Events are multidimensional objects. Besides having an identifier (the event name, such as “Police Action”), events also have associated actors (e.g., “Dutch Government”, “Republic of Indonesia”), locations (e.g., “Java”) and times (e.g., “25 March, 1947”). These actors provide meaning contextual information related to items in a collection, and can be used as starting points for new queries. As all of the objects associated with the events are multidimensional objects themselves and are related to the events differently, it is important to structure so as to make optimal use of its expressivity. Various event models have been proposed: (Lagoze & Hunter, 2001; Raimond & Abdallah, 2007; Scherp et al. 2009), but we chose to use the Simple Event Model (SEM) (Van Hage et al., 2009).

We chose SEM because it is created to model events in various domains without making assumptions about domain specific vocabularies. Note that although we are working in the heritage domain, the resources we aim to include in our project (geographical, bibliographical data) are not always from this domain. SEM is designed with a minimum of semantic commitment to guarantee maximal interoperability. It only restricts itself to representing the core of events, where other models, such as CIDOC-CRM (Crofts et al., 2009), aim to describe the domain and information about actors, locations and times. At the same time, SEM is compatible with these other models, and one can relate these to SEM through the Type classes in SEM, through which one can link the “sem:Place Java” object to the GeoNames atlas, for example.

Fig 3: Example of collection object represented with its associated SEM classesFig 3: Example of collection object represented with its associated SEM classes


In this section, we describe the data sets we enriched and reveal which additional data sets we used to do so.

3.1. Rijksmuseum Amsterdam collection data

For managing their objects, Rijksmuseum Amsterdam (RMA) uses the curator-targeted AdLib database, based on SPECTRUM, the UK collections management standard. Adlib Museum software also incorporates other international standards, such as the CIDOC guidelines and Getty Object ID. Currently, 60,000 museum objects are registered in this system. A separate information layer was built to connect the Adlib database, image repositories, educational content; it provides access to an extensive collection of online presentations. Search is an integral part of the public RMA website ( It handles hundreds of thousands of hits a day, providing access to museum descriptions and links to exhibition information, quizzes, timelines, Web pages, detailed descriptions, stories, interactive maps, and online games. Figure 3 shows a typical search result from the online collection.

Fig 4: Screenshot of Rijksmuseum search interfaceFig 4: Screenshot of Rijksmuseum search interface

The RMA data contains metadata of all collection objects plus a number of SKOS thesauri (Miles et al., 2009). Included are a subject thesaurus (53,880 concepts), a geographical thesaurus (11,485 concepts), a person thesaurus (6,500 concepts), a separate event thesaurus (1,693 concepts), and 28,889 object descriptions. These vocabularies and metadata have been processed and converted into RDF in an earlier project; e.g., e-Culture ( and CHIP (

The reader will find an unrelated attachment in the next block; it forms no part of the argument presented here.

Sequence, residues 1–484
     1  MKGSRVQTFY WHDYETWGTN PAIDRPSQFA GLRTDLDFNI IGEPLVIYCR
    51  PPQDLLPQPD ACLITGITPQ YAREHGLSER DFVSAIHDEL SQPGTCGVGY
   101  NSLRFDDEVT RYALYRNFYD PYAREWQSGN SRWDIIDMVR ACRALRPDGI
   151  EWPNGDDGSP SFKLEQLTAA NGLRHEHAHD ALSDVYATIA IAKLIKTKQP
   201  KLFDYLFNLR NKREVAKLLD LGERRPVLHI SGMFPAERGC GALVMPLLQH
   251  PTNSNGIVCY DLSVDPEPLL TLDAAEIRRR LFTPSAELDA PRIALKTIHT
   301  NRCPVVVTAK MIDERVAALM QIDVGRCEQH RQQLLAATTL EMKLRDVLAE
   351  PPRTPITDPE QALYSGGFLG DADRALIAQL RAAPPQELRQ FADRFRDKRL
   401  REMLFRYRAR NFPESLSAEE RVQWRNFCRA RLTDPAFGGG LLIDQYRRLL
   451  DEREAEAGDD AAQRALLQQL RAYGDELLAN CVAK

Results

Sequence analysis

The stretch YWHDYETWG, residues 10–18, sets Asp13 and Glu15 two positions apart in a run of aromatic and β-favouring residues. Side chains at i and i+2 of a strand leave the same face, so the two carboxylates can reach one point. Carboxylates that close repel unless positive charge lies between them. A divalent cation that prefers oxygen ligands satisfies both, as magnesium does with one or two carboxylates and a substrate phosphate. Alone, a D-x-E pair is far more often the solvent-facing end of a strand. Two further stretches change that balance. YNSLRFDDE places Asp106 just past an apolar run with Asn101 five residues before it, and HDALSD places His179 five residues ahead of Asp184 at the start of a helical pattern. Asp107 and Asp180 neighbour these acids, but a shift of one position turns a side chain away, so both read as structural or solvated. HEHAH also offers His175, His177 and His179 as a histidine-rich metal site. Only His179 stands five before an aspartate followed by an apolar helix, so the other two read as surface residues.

3.2. The Netherlands Institute for Sound and Vision collection data

Sound and Vision (S&V) maintains and provides access to 70 per cent of the Dutch audio-visual heritage, comprising approximately 700,000 hours of television, radio, music and film, making Sound and Vision one of the largest audiovisual archives in Europe. It developed the iMMix multimedia catalogue system to preserve and manage the ever-growing collection of archive material. Material is ingested in the digital storage facility from current television production and from large-scale digitisation efforts. The IMMIX system follows the IFLA-FRBR model as a basis for its object-oriented data structure that models various audiovisual resources, as well as online archive functionalities, within a professional broadcast production environment. Metadata is stored in an Oracle database and indexed by a search engine from the Autonomy. Figure 5 shows the results of the search “feyenoord”. On the left side there are specific filter options available that the user can select.

Fig 5: Screenshot of Sound and Vision Search interfaceFig 5: Screenshot of Sound and Vision Search interface

For the object descriptions, we used data publicly accessible data through the Open Images platform operated by S&V ( It contains 998 video descriptions, the videos of which are accessible through the Web.

The metadata of the S&V collections is linked to the GTAA thesaurus (Common Thesaurus Audiovisual Archives). The concepts are divided into five schemes: genre (112 concepts), geographical concepts (14,030 concepts), persons (20,070 concepts), names (27,646 concepts) and general keywords (3,800).

3.3. Wikipedia

In order to build a historical event thesaurus that is not biased towards either the RMA or the S&V collection, we chose a subset of the Dutch Wikipedia to extract events from. This subset consists of 3,724 Wikipedia articles pertaining to Dutch history of the 17th, 19th and 20th century, and articles about the history of Indonesia. We chose this particular time-frame because both the RMA and S&V collections contain many objects that are related to the topics in this historical window. Also, by only focusing on a subset of all possible time-frames and locations, the data set becomes more manageable for evaluating our results.

4.Enriching Metadata with Events

To add events to the collection data, we first built a historical event thesaurus using state of the art information extraction techniques to find events in external text. We then linked the events from our event thesaurus to the collections. We split our approach into four consecutive steps